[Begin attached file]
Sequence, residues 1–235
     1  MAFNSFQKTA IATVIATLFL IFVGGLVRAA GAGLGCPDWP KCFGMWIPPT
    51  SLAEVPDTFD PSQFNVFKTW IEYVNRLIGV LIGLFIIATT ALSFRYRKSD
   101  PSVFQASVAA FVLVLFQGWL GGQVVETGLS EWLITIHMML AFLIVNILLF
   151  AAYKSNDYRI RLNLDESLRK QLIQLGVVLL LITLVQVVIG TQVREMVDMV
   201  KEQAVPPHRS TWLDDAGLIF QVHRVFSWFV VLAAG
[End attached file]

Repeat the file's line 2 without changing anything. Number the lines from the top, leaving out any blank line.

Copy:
     1  MAFNSFQKTA IATVIATLFL IFVGGLVRAA GAGLGCPDWP KCFGMWIPPT